Serpent eel
Ophisurus serpens
cm inch 

The serpent eel or sand snake-eel (Ophisurus serpens) is an eel found in the eastern Atlantic Ocean, western Mediterranean Sea, western Indian Ocean, western Pacific Ocean and the north-east and west coast of North Island in New Zealand. It is an elongated, slender fish with a length of up to 250 centimetres. It spends the day with its body immersed in the sediment, emerging into the open water at night.


The serpent eel is an elongated slender fish, attaining a length of up to 250 cm (100 in), with a maximum diameter of 5 cm (2 in), although 100 cm (40 in) is a more common total length. The long, tapering snout has the upper jaw longer than the lower jaw. The teeth are sharply pointed and are normally visible; the front nostril is halfway between the tip of the snout and the eye, and the hind nostril is protected by a valve and concealed in a groove closer to the eye. The gape extends as far back as the eye, which has an almond-shaped pupil during the day and a circular pupil at night. The branchial opening is small, and is positioned just in front of the short pectoral fins. Both the dorsal fin and the anal fin are long and low, starting well behind the pectoral fins; there are no pelvic fins or tail fin, and the lateral line is clearly demarcated. The general colour is pale brownish-green, with dark punctuations on the snout and often with silvery reflections on the flanks; the belly is pale. Juvenile fish have a less elongated snout, and are a silvery colour.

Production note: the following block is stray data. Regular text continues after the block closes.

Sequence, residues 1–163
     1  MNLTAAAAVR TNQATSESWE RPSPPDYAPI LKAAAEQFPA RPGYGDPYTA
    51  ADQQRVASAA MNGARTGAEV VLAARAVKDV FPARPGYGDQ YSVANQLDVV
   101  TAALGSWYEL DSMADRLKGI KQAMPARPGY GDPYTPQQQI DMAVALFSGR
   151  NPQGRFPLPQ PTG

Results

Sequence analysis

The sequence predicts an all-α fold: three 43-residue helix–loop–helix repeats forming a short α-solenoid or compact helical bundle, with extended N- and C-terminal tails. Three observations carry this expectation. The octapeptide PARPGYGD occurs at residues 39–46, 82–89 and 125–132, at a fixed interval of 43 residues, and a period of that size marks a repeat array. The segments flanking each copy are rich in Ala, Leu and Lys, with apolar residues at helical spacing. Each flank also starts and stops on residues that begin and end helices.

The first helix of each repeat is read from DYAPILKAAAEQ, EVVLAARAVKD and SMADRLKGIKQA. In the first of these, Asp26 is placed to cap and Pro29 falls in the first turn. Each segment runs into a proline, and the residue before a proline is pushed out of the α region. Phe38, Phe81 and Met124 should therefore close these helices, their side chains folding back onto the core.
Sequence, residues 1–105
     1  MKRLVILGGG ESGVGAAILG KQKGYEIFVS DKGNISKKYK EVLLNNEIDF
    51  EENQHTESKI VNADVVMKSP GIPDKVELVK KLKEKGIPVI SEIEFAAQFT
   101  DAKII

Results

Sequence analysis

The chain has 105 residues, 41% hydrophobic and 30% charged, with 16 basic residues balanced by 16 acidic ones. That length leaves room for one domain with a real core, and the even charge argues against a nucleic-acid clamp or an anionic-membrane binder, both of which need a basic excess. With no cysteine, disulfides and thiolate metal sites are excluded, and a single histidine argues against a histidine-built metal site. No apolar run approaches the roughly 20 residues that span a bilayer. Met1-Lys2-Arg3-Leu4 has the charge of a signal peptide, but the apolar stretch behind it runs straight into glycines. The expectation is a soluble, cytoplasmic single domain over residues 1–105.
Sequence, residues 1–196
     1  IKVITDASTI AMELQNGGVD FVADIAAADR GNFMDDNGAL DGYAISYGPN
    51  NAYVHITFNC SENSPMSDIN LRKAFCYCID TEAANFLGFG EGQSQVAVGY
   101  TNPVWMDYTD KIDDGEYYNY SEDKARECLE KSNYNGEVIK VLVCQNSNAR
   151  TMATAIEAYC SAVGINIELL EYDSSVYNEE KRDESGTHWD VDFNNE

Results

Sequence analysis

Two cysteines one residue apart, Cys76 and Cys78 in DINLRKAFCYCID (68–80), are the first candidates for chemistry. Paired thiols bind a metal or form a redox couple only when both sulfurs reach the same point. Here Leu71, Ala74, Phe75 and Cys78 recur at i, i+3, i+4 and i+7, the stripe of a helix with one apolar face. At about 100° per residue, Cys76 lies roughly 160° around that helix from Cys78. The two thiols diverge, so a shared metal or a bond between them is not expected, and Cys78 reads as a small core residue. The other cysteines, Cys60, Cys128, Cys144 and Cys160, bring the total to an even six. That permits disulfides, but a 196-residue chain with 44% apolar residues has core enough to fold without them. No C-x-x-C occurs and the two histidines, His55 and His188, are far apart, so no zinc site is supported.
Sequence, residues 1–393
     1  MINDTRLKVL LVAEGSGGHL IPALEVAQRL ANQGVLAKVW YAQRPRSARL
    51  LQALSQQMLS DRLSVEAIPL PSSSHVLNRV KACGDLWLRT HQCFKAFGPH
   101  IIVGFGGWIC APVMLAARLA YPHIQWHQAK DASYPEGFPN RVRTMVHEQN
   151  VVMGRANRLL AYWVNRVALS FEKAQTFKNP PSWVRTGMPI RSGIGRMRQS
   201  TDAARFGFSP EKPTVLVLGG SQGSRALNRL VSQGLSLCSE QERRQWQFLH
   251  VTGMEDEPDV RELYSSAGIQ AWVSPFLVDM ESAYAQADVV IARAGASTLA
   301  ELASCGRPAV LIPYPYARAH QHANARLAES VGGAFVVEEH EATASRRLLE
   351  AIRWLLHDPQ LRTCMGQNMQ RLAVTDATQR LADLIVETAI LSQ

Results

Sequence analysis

The serpent eel is found in the eastern Atlantic Ocean, where its range extends from Senegal to Portugal, and the Mediterranean Sea. It has also been recorded from other parts of the African coast and the Indian Ocean, as well as from Australia and New Zealand; this disjunct distribution may indicate that two similar species, looking much alike, are involved. It inhabits soft muddy and sandy sediments, mostly on the continental shelf, at depths down to about 300 m (1,000 ft).

Habits and Lifestyle

This fish is nocturnal, spending the day immersed in the sediment with just its head projecting. To bury itself, it wriggles its body and works its way into the sediment tail first. It shows marked fidelity to its burrow, having been observed using the same location for more than a month. It is seldom seen by day because of its secretive habits and cryptic colouration. At night it emerges to feed, the diet probably consisting of fish of a suitable size, and crustaceans.

Seasonal behavior

Diet and Nutrition



1. Serpent eel Wikipedia article -
2. Serpent eel on The IUCN Red List site -

More Fascinating Animals to Learn About